Just because augmented reality is the technology of the future doesn't mean it can't reach into the past of computing.
The front-facing camera inserts the user's real-time image into the center window, which moves (along with the mouse point) around the screen based on the user's head movement. In addition, tapping the screen changes the application window between "Fake Player," MS Paint, and a Winamp-like skinned music player.
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The battery meter cycles through ascending and descending levels along with head movement, while tapping the screen repeatedly changes the battery level and lighting effect on the scene, culminating in a "cracked screen" when the battery level reaches zero.
To access the AR effects, log into Instagram and visit Kendenberg's Instagram profile. After you're logged in, go to his highlighted "IG Effects" story, then click the embedded link. Alternately, a link to the "Desktop 96" experience appears at the bottom of his profile in the Instagram app.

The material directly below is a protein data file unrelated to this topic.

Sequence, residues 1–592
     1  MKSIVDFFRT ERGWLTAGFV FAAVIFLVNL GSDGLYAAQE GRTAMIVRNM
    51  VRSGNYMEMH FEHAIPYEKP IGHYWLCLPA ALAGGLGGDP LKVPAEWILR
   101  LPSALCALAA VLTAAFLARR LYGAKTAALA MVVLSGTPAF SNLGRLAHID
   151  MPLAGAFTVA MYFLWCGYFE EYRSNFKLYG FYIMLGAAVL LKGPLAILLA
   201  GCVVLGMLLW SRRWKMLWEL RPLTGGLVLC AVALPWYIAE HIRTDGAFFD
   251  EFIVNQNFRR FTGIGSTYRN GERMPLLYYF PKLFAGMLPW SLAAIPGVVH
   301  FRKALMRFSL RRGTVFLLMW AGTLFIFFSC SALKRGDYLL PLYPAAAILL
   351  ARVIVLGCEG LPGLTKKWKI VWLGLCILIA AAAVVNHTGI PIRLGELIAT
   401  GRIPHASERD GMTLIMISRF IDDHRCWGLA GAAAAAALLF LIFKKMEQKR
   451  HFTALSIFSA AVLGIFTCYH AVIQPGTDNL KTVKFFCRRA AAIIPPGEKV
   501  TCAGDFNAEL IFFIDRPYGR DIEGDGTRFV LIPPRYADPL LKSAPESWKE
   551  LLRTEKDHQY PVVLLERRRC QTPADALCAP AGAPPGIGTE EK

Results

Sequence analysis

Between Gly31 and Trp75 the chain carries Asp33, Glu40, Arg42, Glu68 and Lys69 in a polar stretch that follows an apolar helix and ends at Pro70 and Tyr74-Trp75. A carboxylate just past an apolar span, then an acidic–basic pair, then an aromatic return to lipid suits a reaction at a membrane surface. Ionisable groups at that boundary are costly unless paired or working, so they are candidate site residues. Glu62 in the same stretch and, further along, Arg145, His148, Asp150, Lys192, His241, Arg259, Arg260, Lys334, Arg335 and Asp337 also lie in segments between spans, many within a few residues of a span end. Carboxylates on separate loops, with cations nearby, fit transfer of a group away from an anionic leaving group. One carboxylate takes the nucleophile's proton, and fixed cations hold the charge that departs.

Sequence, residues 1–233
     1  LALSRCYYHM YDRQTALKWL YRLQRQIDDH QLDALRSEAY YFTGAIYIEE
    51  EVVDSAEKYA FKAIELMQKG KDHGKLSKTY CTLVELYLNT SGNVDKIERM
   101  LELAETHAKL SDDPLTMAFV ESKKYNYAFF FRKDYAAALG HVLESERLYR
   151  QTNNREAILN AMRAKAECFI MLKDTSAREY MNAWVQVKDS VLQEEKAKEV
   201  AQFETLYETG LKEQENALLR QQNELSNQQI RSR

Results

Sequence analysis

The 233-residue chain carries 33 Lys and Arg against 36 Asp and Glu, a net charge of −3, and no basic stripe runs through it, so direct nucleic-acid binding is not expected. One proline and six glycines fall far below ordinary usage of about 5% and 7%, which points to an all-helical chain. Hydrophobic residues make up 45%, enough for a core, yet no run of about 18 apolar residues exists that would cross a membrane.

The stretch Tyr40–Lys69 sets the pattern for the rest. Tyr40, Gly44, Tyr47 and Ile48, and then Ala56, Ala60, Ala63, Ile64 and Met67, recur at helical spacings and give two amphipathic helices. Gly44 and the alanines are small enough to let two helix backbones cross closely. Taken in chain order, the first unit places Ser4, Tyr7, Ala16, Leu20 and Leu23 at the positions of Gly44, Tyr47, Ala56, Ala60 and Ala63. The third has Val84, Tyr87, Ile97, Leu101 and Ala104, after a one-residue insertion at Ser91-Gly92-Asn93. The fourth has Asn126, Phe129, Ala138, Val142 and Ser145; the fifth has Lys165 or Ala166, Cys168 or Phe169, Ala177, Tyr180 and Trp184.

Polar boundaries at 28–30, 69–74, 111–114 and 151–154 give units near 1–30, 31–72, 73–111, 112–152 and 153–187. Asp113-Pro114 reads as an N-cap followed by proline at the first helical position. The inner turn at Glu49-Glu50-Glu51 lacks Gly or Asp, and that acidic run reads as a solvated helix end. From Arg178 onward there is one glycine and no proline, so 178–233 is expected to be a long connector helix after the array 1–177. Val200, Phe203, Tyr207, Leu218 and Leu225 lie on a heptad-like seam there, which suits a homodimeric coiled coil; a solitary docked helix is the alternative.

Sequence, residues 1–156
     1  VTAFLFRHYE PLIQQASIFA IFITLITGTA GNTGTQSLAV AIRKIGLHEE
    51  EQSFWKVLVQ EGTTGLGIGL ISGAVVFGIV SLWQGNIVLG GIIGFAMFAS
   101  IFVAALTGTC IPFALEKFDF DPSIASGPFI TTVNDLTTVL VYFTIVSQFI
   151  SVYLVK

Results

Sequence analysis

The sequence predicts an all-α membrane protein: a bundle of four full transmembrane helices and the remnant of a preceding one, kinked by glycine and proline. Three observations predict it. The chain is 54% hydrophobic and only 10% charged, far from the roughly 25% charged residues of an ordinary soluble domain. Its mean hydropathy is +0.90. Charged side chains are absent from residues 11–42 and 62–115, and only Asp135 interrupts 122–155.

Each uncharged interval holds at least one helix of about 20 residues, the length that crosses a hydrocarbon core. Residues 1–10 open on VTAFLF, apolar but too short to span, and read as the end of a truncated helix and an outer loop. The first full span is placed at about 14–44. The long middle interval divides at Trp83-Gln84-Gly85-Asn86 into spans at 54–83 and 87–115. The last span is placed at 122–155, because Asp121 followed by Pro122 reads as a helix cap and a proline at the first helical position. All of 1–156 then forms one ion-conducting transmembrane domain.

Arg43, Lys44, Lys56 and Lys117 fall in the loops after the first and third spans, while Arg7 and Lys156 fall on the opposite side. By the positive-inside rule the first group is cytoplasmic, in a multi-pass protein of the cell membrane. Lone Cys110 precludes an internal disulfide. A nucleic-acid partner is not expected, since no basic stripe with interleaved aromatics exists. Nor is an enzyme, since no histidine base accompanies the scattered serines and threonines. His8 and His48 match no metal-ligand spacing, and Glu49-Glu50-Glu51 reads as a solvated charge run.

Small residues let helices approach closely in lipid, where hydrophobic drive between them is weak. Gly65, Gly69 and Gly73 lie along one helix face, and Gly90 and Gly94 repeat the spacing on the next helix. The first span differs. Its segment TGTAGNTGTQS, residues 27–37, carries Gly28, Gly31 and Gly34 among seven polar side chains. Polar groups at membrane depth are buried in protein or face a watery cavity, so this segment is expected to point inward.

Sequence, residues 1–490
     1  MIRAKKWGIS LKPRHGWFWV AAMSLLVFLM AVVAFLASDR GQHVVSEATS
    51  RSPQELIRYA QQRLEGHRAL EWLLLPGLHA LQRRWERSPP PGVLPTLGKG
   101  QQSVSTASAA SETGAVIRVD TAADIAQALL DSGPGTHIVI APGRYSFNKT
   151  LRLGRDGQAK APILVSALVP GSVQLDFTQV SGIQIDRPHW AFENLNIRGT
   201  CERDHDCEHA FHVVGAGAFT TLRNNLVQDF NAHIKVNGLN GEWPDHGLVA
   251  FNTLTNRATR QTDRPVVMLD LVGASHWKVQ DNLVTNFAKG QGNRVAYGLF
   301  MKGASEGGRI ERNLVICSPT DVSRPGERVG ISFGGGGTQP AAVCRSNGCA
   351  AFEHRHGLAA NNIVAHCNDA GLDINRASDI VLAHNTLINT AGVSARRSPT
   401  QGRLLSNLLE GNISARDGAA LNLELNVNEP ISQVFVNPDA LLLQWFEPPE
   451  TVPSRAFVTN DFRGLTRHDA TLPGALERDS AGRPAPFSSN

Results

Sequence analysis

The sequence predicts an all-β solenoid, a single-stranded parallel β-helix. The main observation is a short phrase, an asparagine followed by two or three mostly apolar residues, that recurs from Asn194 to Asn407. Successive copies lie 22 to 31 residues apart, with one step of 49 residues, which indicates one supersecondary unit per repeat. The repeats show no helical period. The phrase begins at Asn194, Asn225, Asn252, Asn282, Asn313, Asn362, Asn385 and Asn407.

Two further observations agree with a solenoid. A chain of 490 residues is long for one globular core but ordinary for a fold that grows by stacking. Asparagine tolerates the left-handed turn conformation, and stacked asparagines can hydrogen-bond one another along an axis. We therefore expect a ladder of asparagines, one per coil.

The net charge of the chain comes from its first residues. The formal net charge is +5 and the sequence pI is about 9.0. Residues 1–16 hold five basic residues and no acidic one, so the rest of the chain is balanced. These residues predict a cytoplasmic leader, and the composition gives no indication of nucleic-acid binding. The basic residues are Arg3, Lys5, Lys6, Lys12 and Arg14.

At the F8 developer conference last May, Facebook announced that it would extend its Camera Effects AR platform for creators to Instagram and Messenger, with brands getting the first crack at the tool. Then, in October, the company launched a closed beta of the tool, alongside a rebrand of the platform, which is now called Spark AR.
In recent years, Instagram's user growth has far eclipsed that of Snapchat, as the photo sharing app (along with the Facebook and Messenger apps) has steadily added features emulating those of the Venice, California-based startup. And while the emphasis on AR isn't as pronounced on Instagram as it is on Snapchat, the availability of those experiences only serves to maintain and increase Instagram's market dominance.
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